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Hundreds of ISIS members, families surrender in final Syrian enclave

U.S. Army 3rd Cavalry Regiment troopers observe a Javelin anti-tank missile live fire while deployed to Iraq, Oct. 4, 2018. The 3rd Cavalry Regiment is deployed in support of Operation Inherent Resolve, working by, with and through the Iraqi Security Forces and coalition partners to defeat ISIS in areas of Iraq and Syria. (U.S. Army photo by 2nd Lt. Jamie Douglas)

This article was originally published by Radio Free Europe/Radio Liberty and is reprinted with permission.

Hundreds of Islamic State (IS) militants and family members surrendered as U.S.-backed Syrian rebel forces moved closer to crushing the militants in their final sliver of territory in the eastern part of the country.

“Around 1,300 terrorists and their families surrendered to our forces today amid our operations against the terrorist Daesh organization,” Mustafa Bali, a spokesman for the Syrian Democratic Forces (SDF), said in a tweet on March 14, using an alternate name for IS.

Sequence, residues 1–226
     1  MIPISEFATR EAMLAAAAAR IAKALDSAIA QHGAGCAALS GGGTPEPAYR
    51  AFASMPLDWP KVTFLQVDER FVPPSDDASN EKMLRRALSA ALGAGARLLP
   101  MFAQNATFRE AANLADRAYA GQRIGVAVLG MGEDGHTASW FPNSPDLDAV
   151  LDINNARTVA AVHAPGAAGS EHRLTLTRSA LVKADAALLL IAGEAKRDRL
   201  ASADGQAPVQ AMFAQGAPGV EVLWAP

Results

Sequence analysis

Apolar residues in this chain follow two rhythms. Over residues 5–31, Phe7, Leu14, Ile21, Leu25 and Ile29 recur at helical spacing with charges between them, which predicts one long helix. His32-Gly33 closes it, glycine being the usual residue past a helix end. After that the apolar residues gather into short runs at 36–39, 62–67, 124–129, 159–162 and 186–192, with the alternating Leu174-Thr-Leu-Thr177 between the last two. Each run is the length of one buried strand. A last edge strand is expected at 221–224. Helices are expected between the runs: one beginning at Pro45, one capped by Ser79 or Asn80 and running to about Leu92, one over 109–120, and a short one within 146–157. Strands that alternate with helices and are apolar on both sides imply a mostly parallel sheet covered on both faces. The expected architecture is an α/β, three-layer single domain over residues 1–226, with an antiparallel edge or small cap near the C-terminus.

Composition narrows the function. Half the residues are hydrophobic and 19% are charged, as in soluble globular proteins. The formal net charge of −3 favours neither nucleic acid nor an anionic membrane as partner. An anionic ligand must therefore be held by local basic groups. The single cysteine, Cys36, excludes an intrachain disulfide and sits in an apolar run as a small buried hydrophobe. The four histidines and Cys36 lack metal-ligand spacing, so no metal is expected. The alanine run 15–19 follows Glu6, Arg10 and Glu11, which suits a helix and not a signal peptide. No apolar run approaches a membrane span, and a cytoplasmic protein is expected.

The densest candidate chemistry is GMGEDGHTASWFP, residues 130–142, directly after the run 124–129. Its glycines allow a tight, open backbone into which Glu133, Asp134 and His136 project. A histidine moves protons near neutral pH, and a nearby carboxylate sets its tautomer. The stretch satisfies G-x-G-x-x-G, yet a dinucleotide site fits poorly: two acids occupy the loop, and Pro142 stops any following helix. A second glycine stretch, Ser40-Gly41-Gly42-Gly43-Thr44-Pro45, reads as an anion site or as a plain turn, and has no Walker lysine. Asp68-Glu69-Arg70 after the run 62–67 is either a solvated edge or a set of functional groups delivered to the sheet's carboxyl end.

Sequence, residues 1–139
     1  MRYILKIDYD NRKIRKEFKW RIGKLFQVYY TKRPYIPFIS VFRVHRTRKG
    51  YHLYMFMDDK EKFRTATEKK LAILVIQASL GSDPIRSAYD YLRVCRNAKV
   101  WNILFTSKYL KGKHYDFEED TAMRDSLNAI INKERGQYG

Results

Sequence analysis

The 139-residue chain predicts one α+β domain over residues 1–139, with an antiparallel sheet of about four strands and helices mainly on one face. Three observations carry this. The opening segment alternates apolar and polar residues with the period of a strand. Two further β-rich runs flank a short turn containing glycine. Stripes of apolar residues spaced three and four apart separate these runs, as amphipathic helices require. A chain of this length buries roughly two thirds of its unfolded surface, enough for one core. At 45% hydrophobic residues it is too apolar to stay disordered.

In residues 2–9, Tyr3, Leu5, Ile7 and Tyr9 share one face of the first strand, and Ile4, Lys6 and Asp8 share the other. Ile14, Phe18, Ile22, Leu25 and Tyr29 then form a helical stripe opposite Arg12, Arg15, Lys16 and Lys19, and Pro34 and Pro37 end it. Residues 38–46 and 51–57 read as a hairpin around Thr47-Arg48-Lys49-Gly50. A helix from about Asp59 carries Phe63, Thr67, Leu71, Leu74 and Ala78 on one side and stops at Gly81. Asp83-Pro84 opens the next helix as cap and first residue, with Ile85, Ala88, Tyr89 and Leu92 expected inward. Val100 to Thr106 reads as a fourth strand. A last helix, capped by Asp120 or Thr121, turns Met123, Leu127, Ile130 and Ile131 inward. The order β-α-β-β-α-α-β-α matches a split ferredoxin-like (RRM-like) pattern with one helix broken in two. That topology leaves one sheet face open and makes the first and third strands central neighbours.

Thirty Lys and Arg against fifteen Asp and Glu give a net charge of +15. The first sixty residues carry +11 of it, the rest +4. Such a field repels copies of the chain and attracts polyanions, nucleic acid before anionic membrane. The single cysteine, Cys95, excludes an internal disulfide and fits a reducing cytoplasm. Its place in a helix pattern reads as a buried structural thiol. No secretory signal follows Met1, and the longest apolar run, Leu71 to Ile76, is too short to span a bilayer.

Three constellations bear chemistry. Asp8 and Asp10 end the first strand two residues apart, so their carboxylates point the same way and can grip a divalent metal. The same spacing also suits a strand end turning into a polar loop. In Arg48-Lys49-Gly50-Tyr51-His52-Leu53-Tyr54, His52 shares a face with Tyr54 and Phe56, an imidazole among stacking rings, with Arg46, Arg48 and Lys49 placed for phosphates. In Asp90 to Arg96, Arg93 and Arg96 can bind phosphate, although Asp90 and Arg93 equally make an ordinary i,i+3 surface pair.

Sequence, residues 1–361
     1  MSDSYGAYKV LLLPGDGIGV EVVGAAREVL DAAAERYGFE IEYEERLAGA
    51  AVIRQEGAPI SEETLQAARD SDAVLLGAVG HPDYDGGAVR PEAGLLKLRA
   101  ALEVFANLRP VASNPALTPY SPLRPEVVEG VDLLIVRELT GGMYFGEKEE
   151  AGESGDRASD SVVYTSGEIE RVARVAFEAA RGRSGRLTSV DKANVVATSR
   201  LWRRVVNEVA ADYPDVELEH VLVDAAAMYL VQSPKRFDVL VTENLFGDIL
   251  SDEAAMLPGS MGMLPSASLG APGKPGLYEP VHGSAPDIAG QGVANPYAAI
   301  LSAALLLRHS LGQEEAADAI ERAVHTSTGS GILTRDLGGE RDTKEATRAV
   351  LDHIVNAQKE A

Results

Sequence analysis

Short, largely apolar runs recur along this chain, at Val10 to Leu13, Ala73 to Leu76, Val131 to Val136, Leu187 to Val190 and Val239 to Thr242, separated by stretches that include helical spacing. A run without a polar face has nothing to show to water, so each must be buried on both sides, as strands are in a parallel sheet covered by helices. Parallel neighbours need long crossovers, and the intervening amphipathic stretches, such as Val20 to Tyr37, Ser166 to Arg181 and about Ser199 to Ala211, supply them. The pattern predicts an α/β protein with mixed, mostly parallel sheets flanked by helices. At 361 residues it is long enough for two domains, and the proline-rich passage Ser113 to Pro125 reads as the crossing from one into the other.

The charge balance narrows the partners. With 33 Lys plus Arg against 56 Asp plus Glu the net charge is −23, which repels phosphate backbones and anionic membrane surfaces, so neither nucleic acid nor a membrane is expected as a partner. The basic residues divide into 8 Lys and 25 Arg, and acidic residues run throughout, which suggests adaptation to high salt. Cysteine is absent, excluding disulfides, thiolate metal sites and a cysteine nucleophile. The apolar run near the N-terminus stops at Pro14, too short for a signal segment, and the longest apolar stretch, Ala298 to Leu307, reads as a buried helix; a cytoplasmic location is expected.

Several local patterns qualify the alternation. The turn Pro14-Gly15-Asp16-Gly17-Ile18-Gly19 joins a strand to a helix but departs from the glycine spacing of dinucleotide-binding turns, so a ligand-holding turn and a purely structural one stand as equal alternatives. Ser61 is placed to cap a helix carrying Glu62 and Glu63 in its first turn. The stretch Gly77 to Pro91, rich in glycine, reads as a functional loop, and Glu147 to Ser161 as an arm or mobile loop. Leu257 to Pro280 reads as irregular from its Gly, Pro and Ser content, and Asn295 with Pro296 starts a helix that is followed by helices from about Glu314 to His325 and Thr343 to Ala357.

The SDF, a Kurdish-led rebel force backed by U.S.-led coalition air support, moved closer to its goal of wiping out the last vestiges of the militants’ so-called “caliphate” that once sprawled across Syria and neighboring Iraq.

Fighting centered around the village of Baghouz near the Iraqi border.

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An AFP reporter said most of the men surrendering appeared to be wounded.

“Those who stayed inside [the camp] are mostly suicide bombers blowing themselves up, which is impeding the advance,” said Jiaker Amed, a spokesman for the Kurdish People’s Protection Units (YPG), a key element of the SDF.

The SDF said some 3,000 IS members had surrendered since March 10.

The United States and Turkey back differing antigovernment rebel groups in Syria’s eight-year civil war, while Russia and Iran support President Bashar al-Assad’s government.

The United States is in the process of pulling most of its troops out of Syria, a move that has caused concerns among allied Kurdish fighters.